A Father’s Agonising Choice
You are an inmate in a concentration camp. A sadistic guard is about to hang your son who tried to escape, and wants you to pull the chair out from underneath him. He says that if you don’t he will not only kill your son but some other innocent inmate as well. You don’t have any doubt that he means what he says. What should you do?
This was the dilemma my group was faced with. Obviously it is a tough choice for anyone, but a father would likely have an especially hard time killing his son, even for the sake of another innocent life.
Looking at it objectively, there are 4 people involved in this scenario. You, the guard – likely with other guards as backup – your son, and the other innocent prisoner. The options available to you are simple – kill your son or refuse to.
- As a group, we also considered attempting to attack the guard and killing yourself as options.
The methods for these actions are pulling out the chair to kill your son, saying no to the guard to refuse, hitting or attempting to strangle the guard (as you likely do not have anything to use as a weapon), or biting through your tongue to kill yourself.
The attack attempt was immediately discarded as a viable option, as the guard (and his presumed backup) would likely be armed and in better condition (well fed, trained and strong) than a concentration camp prisoner. The attack would fail, and if you were not killed in the process, then you would be faced with the same dilemma as before (or the guards would kill any combination of you, your son and the innocent as punishment for trying to defy them).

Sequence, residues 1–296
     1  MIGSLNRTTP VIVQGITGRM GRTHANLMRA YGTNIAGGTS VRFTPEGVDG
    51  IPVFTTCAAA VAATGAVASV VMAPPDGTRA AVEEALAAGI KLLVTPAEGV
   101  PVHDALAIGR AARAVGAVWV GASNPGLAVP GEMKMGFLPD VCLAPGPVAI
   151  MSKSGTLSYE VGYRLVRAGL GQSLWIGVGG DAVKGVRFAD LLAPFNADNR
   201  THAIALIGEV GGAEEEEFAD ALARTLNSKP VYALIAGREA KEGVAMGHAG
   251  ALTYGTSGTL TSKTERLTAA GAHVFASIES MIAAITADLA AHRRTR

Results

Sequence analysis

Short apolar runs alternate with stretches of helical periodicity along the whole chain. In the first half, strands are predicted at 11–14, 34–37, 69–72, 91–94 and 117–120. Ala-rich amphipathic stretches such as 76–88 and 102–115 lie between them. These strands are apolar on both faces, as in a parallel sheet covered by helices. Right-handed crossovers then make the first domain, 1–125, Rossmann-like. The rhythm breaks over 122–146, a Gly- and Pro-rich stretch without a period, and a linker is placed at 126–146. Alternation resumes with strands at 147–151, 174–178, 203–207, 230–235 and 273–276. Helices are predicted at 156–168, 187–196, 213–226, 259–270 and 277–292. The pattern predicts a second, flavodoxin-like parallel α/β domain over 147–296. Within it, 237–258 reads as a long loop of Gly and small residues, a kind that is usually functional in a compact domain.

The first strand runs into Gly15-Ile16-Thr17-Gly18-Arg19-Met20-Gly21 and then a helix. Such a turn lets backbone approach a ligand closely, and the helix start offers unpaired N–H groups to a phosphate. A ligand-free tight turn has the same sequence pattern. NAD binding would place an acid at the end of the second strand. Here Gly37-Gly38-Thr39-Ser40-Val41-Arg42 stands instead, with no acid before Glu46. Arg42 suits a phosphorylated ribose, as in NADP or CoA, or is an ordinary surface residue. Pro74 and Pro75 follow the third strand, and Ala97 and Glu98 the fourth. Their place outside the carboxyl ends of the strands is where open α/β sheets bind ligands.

Killing yourself wouldn’t actually solve anything. You would be dead and have no influence over the fates of any of the other prisoners. At least you wouldn’t have to choose to kill your son?
With the last two options, it can be boiled down to kill one person or watch two die. Your son does not survive in any version of this scenario, but your choice can affect the life or death of the other prisoner. With this in mind – and assuming the goal is to preserve as many innocent lives as possible – the most ethical option is to kill your son. While your son would die and you would likely be overcome with grief and regret at your hand in it, the bystander would survive for another day.
Of course, looking at it from another point of view, being dead could be preferable to being alive in a concentration camp, in which case the more ethical solution would be to refuse to kill your son, then attack the guard or kill yourself after the other prisoners are both dead.